NBC hates living with baseball, so grant it a speedy divorce

Media Watch

October 21, 1997|By Milton Kent

By now, it has become passe to lament the lack of backbone among the people who run baseball, but it's way past time that someone in charge of the Grand Old Game put his foot down in terms of its relationship with NBC.

Goodness knows, the Peacock Network and its representatives have been walking all over baseball in the past two years:

To wit:

Before the dissolution of The Baseball Network two years ago, NBC Sports president Dick Ebersol said his network and ABC, which shared Baseball Network duties, had been treated like "scum," and said he couldn't imagine NBC's "being involved in baseball the rest of the century."

Last year, NBC Entertainment chief Don Ohlmeyer groused about how postseason ratings were hurting the network and made threats that the network would try to get out of its five-year, postseason-only deal.

Commentator Bob Costas has been a vocal and constant critic of the wild-card system, including during playoff telecasts.

The latest NBC salvo came last weekend from Ohlmeyer, a former ABC Sports executive, who wished during a conference call held on the eve of this year's World Series that the Fall Classic go no more than four games so that its ratings won't hurt his entertainment schedule and particularly won't pre-empt the powerful Thursday night lineup.

Well, to Ohlmeyer, we here at "Media Watch" politely say what baseball officials won't:

Get out and don't let the door hit you in the rear as you leave.

Ohlmeyer and Ebersol offered apologies over the weekend, and acting commissioner Bud Selig, after expressing disappointment, accepted their apologies, but the whole situation speaks to NBC's total lack of respect for the game.

Besides the appalling lack of taste in publicly trashing a product in which your company has invested more than $400 million, Ohlmeyer's premise -- that the World Series would be a ratings drain -- is a bad one.

Last year's Series, which did a 17.4 for Fox, was the third-lowest rated Series in the past 37 years, but that rating was probably lowered because in many cities, like Baltimore, the Fox affiliate is a UHF station whose signal is typically weaker than that of a VHF station.

Even so, that rating is higher than all but four prime-time shows that aired on NBC during the week of Sept. 22-28, Premiere Week. Those four shows were all on Thursday, so a part of Ohlmeyer's reasoning is understandable, but, over the past five years, Thursday's Series Game 5 telecasts have averaged a 21 rating and 35 share, a shade off the 23.6/37 NBC's Thursday lineup averaged during the premiere week.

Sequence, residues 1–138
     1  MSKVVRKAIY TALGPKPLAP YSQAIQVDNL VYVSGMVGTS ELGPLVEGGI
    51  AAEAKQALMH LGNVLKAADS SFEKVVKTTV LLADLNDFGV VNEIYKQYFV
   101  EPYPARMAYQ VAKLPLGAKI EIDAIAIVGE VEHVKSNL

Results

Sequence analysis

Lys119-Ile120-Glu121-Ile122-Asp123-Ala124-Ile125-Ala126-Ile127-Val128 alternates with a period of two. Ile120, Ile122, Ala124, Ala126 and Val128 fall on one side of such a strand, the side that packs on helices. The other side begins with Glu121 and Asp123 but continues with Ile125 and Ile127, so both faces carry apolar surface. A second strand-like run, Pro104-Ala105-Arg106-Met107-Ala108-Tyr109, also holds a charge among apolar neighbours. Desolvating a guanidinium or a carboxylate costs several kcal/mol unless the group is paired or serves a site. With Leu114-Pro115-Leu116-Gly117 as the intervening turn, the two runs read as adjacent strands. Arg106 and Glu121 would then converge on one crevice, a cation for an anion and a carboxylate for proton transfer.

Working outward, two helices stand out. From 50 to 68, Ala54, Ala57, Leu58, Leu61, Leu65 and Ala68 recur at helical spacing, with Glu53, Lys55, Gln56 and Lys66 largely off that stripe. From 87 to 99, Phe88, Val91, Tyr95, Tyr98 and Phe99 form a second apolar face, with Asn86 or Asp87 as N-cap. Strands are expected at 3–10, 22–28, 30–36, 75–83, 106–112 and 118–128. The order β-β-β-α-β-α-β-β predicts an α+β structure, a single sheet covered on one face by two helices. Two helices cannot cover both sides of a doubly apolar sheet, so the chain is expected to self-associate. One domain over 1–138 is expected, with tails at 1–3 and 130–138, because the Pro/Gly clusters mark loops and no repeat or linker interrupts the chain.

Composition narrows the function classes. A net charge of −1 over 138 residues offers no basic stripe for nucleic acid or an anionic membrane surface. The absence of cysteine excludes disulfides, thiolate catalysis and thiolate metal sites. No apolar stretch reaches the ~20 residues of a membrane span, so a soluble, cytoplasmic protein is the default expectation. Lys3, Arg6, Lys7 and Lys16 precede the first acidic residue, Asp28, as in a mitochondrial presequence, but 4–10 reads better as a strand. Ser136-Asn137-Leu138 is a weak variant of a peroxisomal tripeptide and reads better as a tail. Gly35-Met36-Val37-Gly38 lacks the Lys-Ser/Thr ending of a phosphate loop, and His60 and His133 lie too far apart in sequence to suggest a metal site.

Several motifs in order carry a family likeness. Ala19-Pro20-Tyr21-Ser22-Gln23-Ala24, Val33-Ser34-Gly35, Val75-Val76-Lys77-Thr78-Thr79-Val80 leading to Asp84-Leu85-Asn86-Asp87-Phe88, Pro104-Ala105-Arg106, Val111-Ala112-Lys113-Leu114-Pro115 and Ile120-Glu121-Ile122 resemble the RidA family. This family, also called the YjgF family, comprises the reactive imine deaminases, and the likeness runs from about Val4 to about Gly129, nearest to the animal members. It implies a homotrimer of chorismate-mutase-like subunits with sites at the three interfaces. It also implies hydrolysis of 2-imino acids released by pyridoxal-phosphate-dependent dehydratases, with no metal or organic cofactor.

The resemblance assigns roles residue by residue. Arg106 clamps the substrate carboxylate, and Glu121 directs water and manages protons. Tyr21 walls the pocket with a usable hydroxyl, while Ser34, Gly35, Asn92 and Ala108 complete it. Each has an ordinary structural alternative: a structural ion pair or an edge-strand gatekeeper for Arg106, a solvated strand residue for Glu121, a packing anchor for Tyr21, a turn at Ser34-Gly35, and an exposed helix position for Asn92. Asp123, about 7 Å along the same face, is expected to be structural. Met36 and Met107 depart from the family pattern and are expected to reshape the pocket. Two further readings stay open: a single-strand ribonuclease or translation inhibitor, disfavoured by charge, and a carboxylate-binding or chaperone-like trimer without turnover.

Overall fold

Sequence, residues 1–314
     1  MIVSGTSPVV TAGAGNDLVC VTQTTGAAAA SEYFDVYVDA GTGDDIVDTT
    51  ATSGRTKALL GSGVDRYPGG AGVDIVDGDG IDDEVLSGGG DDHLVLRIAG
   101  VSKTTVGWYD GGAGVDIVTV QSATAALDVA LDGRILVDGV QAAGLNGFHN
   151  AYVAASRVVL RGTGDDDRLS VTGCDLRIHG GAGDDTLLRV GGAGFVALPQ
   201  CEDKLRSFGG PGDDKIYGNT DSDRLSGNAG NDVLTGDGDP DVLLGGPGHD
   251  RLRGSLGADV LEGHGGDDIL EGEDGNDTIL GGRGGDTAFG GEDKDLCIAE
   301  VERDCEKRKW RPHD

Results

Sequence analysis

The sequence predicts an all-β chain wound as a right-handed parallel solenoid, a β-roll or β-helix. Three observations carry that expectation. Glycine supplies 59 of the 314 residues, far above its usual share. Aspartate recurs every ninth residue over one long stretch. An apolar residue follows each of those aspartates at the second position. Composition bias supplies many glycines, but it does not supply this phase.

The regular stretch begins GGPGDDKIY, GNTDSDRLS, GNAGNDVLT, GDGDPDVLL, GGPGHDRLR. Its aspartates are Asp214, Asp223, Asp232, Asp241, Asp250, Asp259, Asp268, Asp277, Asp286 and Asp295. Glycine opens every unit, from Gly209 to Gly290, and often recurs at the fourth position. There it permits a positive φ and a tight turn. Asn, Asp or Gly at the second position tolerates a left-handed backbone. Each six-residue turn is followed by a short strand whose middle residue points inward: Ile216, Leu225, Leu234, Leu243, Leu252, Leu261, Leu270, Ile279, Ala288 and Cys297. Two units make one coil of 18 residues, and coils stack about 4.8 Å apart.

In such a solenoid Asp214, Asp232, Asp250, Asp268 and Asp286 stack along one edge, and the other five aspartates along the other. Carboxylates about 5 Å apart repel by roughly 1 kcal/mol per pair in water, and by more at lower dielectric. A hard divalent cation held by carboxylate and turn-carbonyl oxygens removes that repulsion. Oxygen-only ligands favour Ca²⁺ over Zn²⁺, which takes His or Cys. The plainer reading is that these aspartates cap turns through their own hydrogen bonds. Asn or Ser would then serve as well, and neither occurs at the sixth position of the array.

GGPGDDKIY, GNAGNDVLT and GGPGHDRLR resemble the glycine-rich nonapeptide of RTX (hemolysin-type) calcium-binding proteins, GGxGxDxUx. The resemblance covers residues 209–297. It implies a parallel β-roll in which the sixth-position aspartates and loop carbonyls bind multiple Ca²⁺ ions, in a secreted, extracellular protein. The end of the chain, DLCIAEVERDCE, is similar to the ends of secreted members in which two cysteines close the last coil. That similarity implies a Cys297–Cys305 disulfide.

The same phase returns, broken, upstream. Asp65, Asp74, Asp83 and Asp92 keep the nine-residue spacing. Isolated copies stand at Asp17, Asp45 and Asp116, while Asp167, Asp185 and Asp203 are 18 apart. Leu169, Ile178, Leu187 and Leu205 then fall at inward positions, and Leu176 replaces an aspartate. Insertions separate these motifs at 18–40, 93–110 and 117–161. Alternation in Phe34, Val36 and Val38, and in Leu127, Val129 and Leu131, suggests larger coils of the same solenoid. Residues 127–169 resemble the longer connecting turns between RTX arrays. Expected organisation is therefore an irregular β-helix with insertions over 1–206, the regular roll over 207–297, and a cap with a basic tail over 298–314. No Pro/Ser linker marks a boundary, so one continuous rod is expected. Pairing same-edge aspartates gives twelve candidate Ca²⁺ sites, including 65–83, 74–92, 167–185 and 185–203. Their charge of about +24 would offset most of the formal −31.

For the other nights, Saturday, Sunday, Tuesday and Wednesday, the network will probably get many more viewers than it usually would on those nights, and most of those additional viewers will be from the most desirable demographic, males aged 18 to 49.

Indeed, Saturday's 14.1/25 and Sunday's 16.3/25 are much higher numbers than NBC pulls in for those nights.

Historically, the network televising the World Series has used it to promote its lineup, and goodness knows, NBC, the home of shameless self-promotion, has taken advantage, with more promos of god-awful sitcoms and miniseries than necessary. In fact, Ohlmeyer's problem may be that viewers in the first two rounds of the playoffs saw promos for his entertainment shows and decided to take a pass on the crud he was trying to sell.

The network continues to smack baseball around -- for instance, holding up the first pitch of Sunday's Game 2 for 15 minutes to ensure that its sappy pre-game show aired in its entirety. And, in a move that had to gall baseball officials -- that is, assuming they have any sense of outrage -- NBC ran football highlights during the pre-game and scores and promos during the game, though it doesn't reciprocate with September pennant race scores during football games.

The bottom line is that baseball should have more self-respect than to continue to be smacked in the face by the bullies of 30 Rockefeller Center. Like a cuckolded spouse, baseball continues to try to make the best of a bad marriage. If NBC wants out, then baseball should grant it a divorce. There are plenty of suitors, namely Fox or CBS, who would treat the game faithfully.

ALCS leftovers

The Orioles' postseason run brought out some of the best and worst among the local electronic set, but, from this perspective, the work of two reporters stood out from the crowd.

John Patti of WBAL (1090 AM) turned in spectacular work during the Seattle and Cleveland series, going above and beyond the predictable "excited fan" pieces to find out-of-the-way slices of life around the ballpark.

Among his best stories were a report with a Seattle native who somehow manages to have season tickets for both the Orioles and the Mariners and a piece from Cleveland last weekend on the passion of Indians fans.

Likewise, Channel 45's Steve Davis took what could be a thankless position, the post-game clubhouse interviewer, and made something special of it, generally asking thought-provoking questions of the combatants. It was fine work from Davis, who has grown and improved in his time here.

Finally, a serious thumbs-up to whoever was doing the captions at Channel 45. They were hip, clever and funny and made watching as much fun as listening.

Meanwhile, on the ratings front, last Wednesday's Game 6 did a 29.6 rating on Channel 45 with a 49 share of the audience, for a six-game average of a 26.8/41, down from last year's five-game ALCS, which averaged a 29.0/51 on Channel 11. In Cleveland, Game 6 did a 45/71.

Pub Date: 10/21/97

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